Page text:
Reviewed by gradyharp 9 / 10 / 10

An Impressive Thriller

Relatively new cinematic team of director Ariel Vromen and writer Joshua Leibner pounce onto the scene with a surprisingly fine little film that has basically gone unnoticed. DANIKA is a story that demands the viewer's careful attention and rewards that attention with a finely wrought surprise ending. This is a tough movie to review: almost anything that is said about it diminishes the impact of a fresh look. Danika (the superb and grossly underused actress Marisa Tomei) is a beautiful, well-dressed successful professional woman, loved by her husband Randy (Craig Bierko) and her children Kurt (Kyle Gallner), Lauren (Nicki Prian) and Brian (Ridge Canipe). Yet even from the opening scenes we can tell something is amiss: Danika 'sees' disturbing things, terrifying events and people that alter her attention to her job and her family. She visits a young psychiatrist Evelyn (Regina Hall) who becomes her confidant - the only person who accepts that Danika is witnessing disturbing sights. A mixture of critical pieces of disastrous events flash before Danika's eyes as well as flashbacks to some years back when her children were young. Danika overcompensates for her fears by being an overprotective mother, an unfortunate trait that begins to fracture her family. The pace of the film changes to rapid fire events as the reasons for Danika's visions become clear: we finally see just what made this brilliant and strong woman the victim of a terrified and disturbed psyche and the manner in which each of the characters in the story impacts this discovery is well-illuminated. The surprise ending scene is a stunner and one that will haunt the viewer. Marisa Tomei makes this very difficult, well-written role completely believable. She is an actress of enormous gifts. Likewise the remainder of the cast offers such fine ensemble work that credit must be given director Ariel Vromen for being a young talent on the rise. Yes, there are some portions of the film that beg credibility but then that is what delusional thinking is about. This is a tight little film that deserves attention. Grady Harp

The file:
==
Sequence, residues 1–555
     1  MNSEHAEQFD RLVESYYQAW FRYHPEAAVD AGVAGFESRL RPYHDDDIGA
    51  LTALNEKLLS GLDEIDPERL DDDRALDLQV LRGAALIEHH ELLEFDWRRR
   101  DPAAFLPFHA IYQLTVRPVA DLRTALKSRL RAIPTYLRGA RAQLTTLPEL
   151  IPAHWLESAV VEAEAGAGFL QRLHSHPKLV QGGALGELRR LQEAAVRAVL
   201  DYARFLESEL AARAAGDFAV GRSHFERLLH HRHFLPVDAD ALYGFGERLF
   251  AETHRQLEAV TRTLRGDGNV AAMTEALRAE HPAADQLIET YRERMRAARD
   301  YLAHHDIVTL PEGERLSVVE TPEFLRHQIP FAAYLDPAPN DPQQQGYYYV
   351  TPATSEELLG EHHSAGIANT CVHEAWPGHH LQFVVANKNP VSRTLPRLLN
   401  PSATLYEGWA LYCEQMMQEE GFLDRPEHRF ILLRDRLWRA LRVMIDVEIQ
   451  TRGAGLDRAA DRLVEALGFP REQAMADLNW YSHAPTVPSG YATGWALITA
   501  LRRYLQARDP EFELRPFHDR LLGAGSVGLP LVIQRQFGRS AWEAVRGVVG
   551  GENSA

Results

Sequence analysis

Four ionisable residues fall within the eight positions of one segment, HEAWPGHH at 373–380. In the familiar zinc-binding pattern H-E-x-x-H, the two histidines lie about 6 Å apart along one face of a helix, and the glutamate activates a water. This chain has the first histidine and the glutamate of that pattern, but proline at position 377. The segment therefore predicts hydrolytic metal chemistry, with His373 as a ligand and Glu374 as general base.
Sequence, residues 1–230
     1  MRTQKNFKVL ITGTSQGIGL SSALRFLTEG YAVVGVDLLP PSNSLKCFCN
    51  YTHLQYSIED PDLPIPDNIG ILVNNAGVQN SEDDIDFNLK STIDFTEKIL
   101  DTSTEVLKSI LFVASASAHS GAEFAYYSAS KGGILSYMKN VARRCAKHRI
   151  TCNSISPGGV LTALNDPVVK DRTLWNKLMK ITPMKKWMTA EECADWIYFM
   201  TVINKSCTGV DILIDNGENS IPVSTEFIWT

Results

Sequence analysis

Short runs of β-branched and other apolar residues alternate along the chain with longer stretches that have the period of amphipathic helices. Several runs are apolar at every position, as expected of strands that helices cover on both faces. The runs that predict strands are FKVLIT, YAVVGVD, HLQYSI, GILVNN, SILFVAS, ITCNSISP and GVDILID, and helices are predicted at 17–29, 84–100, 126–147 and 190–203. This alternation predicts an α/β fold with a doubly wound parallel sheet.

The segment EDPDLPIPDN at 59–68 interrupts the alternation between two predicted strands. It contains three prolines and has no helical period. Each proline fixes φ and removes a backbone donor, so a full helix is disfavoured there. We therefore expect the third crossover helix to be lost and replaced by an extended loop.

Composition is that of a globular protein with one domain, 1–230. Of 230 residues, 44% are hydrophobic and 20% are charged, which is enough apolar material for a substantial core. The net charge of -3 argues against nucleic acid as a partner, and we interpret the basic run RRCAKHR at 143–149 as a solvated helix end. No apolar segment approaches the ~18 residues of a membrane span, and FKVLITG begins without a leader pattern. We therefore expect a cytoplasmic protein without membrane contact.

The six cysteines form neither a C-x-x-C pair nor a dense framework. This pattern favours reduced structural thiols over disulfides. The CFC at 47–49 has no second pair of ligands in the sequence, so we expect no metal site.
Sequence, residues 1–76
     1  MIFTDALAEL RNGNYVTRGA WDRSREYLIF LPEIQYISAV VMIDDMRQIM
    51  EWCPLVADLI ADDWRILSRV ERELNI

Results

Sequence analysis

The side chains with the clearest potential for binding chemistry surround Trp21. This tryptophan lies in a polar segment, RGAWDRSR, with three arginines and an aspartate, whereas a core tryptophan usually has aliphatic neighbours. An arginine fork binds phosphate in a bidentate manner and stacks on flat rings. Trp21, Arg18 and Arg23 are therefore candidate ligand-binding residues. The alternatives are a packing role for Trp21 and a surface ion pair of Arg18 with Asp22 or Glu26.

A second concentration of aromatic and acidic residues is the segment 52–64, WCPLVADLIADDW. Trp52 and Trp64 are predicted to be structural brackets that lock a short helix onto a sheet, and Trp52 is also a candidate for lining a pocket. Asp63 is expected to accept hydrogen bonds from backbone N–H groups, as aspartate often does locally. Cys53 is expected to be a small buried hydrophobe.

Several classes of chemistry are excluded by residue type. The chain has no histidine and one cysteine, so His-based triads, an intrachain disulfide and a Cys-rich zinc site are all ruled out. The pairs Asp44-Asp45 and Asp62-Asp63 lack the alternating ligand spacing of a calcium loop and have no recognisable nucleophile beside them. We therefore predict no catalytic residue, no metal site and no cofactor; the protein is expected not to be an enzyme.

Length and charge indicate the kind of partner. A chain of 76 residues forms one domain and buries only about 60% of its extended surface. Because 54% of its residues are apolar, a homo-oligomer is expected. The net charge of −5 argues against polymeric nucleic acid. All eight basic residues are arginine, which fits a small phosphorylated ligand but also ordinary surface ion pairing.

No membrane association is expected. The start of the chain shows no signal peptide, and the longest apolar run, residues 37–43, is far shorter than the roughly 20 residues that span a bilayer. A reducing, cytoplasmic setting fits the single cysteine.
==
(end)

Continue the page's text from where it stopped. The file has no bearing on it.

Reviewed by matt-mclaughlin 9 / 10 / 10

Great Psychological Thriller

I saw Danika's world premiere at the CineVegas film festival this past weekend. It was an excellent psychological thriller with many twists and turns. Marisa Tomei is exceptionally convincing in the lead role as a soccer mom tortured by visions which could be premonitions or hallucinations. The action in the movie intersperses tension-building dialog and dramatically shocking visuals with tremendous effectiveness. The supporting cast is also exceptional in the roles and convince you of the impact that Danika's visions are having upon them. Regina Hall is especially impressive as Danika's psychologist. I would highly recommend seeking this movie out if it comes to a festival or theater near you!